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OFCCP’s Case Against Tech Companies Could Endanger Us
Racial and sexual equality are two of the hallmarks of modern Conservatism in the United States. Regardless of race, sex, or creed, the United States welcomes all people who enter our country legally and who are willing to contribute to make our society a better place. Another of the core concepts of modern Conservatism is the need for a strong military to ensure our nation remains secure from all existential threats. However, we are seeing a conflict arise as an overly ambitious Department of Labor (DOL) is putting our national security at risk with a series of workplace discrimination cases.
The Progressive Promotion Dilemma
Last December, NRN’s own Dr. Christopher Smithmyer wrote an expose on how poor judgement in the Office of Federal Contract Compliance Programs (OFCCP) has led to a series of cases against tech companies that are trying to be as progressive as possible in bringing forth racial and sexual equality. The basic issue behind the case is, while there is not enough skilled labor in the tech sector to meet all the needs of government contractors based on race or sex, the OFCCP is still trying to force government contractors to hire based on demographic information rather than skill. This is leading companies to have to make the hard choice as to whether they should hire the best worker or hire the “right” worker.
Massive moral problems are being caused by this practice. For example, massive numbers of dissatisfied workers feel they were and are being passed over for promotion because of the new policies. Another possible reason is they were “promoted” into a position they feel they were not qualified for because of their race or sex. As a result, we are finding smaller tech companies steering away from government contracts. As this phenomenon matures, we are seeing fewer companies compete for vital national security contacts. The companies that do compete are hamstrung by their forced compliance with the poorly thought out theory to promote people based on demographic information rather than their level of skill in contravention to the promises of individual equality before the law.
Talent Should Trump Quotas
We need to ensure that the best and most talented people in our country are part of government contracts as we move into the new era where cybersecurity is just as important as physical security. This should be done in accordance with the spirit and intent of the Equal Protection Clause and without regard to immutable characteristics like race or sex and resultant discriminatory “quotas” set by the Department of Labor (DOL). Some of the most highly skilled people in the tech industry are female or minority, but there are simply not enough of them in the field to fill the demand for highly skilled people who can have a security clearance. Consequently, the DOL needs to take this into consideration. Companies, like Oracle are doing their best to hire in accordance with the OFCCP’s race and sex quotas, but when the bodies are not there then they simply are not there. We cannot allow an unrealistic social-engineering crusade to hamper the digital security of the United States of America.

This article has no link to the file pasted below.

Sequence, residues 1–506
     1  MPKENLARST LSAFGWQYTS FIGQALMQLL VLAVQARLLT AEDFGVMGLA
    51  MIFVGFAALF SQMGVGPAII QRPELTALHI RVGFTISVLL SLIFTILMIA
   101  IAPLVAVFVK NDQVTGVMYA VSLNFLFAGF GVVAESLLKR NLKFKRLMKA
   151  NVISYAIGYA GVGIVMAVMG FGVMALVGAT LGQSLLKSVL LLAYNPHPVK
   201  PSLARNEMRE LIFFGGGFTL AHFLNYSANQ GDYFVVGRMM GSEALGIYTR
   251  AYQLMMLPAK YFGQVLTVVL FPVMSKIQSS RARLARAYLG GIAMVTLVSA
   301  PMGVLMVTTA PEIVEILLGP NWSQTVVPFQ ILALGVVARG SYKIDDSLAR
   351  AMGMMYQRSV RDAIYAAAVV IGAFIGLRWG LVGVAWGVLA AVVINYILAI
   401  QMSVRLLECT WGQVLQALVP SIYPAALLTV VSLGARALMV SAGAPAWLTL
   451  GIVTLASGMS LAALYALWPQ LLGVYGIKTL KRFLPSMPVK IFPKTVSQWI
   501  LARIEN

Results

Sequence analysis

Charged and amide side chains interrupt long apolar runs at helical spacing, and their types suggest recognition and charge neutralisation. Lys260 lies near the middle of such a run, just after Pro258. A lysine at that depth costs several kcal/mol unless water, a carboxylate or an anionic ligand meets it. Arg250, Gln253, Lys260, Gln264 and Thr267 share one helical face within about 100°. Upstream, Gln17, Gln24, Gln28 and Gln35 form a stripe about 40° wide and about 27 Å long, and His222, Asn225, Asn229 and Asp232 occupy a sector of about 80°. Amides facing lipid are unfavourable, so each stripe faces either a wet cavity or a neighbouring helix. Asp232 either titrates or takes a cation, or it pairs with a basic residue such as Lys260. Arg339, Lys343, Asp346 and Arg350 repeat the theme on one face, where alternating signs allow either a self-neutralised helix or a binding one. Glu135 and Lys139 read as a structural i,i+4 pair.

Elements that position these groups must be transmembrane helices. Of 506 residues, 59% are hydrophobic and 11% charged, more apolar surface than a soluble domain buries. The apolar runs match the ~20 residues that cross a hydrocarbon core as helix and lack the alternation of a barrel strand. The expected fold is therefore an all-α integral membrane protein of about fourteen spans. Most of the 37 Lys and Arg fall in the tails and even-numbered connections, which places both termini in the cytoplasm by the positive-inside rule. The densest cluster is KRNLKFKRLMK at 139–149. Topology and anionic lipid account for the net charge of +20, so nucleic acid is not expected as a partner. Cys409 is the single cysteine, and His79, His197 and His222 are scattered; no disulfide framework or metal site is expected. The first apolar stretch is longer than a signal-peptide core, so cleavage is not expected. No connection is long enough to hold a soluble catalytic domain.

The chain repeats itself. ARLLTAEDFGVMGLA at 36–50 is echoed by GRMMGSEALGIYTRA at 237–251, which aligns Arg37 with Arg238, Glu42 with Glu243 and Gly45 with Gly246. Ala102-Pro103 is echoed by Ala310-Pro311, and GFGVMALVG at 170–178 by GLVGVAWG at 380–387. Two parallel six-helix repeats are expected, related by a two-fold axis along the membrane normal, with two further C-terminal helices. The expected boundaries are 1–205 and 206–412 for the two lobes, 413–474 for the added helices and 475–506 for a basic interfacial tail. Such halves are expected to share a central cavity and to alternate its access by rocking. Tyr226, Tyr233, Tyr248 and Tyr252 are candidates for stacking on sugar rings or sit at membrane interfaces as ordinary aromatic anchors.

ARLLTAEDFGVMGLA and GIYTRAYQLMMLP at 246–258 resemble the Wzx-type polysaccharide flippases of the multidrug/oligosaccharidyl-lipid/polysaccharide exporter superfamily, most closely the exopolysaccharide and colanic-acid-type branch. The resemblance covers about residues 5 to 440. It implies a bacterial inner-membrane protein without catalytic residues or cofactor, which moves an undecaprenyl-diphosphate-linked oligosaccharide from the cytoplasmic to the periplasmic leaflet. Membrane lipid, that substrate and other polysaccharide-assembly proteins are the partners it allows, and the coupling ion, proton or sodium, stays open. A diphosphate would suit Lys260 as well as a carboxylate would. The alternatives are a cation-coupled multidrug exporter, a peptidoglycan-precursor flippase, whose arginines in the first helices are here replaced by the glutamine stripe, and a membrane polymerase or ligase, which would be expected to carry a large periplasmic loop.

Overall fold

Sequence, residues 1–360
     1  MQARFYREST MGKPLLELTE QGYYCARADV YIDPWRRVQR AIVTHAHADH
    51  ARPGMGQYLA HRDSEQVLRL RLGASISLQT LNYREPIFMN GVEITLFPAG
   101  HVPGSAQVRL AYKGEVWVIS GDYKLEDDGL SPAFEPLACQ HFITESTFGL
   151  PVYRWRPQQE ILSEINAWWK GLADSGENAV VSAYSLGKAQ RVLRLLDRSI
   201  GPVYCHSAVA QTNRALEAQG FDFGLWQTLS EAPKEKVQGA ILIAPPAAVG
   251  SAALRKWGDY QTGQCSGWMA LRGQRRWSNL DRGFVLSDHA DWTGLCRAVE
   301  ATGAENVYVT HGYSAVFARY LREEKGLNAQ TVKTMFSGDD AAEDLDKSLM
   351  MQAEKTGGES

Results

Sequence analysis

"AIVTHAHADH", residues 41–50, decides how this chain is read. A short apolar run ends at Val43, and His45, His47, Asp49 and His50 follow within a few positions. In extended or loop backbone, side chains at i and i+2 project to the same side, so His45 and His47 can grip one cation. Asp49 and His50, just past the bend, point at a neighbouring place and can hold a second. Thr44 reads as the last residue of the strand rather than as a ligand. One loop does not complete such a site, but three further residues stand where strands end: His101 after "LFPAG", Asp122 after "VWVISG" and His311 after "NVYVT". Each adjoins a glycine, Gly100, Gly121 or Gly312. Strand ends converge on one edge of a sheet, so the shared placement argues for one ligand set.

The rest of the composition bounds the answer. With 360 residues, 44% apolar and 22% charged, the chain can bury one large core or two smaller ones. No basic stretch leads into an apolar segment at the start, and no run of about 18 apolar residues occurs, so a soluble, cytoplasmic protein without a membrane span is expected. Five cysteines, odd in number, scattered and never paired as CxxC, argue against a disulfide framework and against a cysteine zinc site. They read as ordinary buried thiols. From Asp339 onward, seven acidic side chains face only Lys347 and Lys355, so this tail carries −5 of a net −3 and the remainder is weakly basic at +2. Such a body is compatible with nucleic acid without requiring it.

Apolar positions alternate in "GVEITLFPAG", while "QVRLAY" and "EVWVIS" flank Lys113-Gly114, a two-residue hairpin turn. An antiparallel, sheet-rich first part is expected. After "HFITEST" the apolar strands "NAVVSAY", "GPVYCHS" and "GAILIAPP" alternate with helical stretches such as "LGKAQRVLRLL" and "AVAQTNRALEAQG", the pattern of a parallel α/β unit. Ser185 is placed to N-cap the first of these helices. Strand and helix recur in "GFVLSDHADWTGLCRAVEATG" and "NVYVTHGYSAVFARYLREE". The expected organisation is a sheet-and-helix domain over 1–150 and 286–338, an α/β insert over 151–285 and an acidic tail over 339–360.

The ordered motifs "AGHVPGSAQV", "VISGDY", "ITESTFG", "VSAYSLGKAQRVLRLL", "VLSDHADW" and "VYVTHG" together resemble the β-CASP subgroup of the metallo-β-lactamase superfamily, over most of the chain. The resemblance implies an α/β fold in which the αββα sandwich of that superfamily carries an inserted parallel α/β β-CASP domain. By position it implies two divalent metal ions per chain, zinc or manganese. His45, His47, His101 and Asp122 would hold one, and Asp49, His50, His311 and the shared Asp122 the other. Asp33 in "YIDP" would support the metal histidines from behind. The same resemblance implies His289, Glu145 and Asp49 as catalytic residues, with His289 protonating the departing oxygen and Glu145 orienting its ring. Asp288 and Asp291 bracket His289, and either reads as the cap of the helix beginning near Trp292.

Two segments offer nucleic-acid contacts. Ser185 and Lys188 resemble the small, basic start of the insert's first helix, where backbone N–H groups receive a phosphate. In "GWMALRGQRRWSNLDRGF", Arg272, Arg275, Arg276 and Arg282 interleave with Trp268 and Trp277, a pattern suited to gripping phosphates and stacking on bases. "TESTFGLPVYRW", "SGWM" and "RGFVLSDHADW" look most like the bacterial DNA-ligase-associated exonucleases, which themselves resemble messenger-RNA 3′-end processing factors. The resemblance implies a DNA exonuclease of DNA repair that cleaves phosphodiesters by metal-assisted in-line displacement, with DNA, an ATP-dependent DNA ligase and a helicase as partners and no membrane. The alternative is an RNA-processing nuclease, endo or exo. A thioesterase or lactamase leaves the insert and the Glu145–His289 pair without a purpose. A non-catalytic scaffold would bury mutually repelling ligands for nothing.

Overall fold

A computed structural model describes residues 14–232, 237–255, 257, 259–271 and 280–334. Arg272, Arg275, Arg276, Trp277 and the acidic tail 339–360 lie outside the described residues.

The reality of forced equal outcomes and “demographic mirrors” directed by the bureaucratic state has become our bane
The OFCCP assumes a problem in this area exists from a purely demographic standpoint regardless of the negative implications to individuals’ equal protection under the law. That is, strictly qualifying demographics over qualifications contradicts the spirit of the Equal Protection Clause and dangerously erodes American cyber-security. Most Americans assume that equal protection and opportunity are our law. The reality of forced equal outcomes and “demographic mirrors” directed by the bureaucratic state has become our bane. Presently, companies are being punished for not meeting unrealistic goals, individualism is being destroyed by identity-politics, and the intent of the Equal Protection Clause is being nullified.
A Truly Solvable Problem
A lack of minorities and women in the tech sector is a solvable issue. The solution, however, is not to cripple national defense and make a farce of equal protection. The solution is to disregard class distinctions and demographic mirroring while focusing on individual merit. That is, we shouldn’t pool resources favoring specific classes at the expense of other classes. Nor should employers discriminatorily pick winners based on liberal mantras and their desired outcomes based on group identity. If equal protection and opportunity are our benchmarks then Conservatives should help every school expose its students to technology and train the most capable students to enter into these high demand fields based on their individual ability rather than their immutable characteristics. We will see a more fair, efficient, and secure digital future within the United States without sacrificing our principles championing equity and individualism if a policy like this is followed.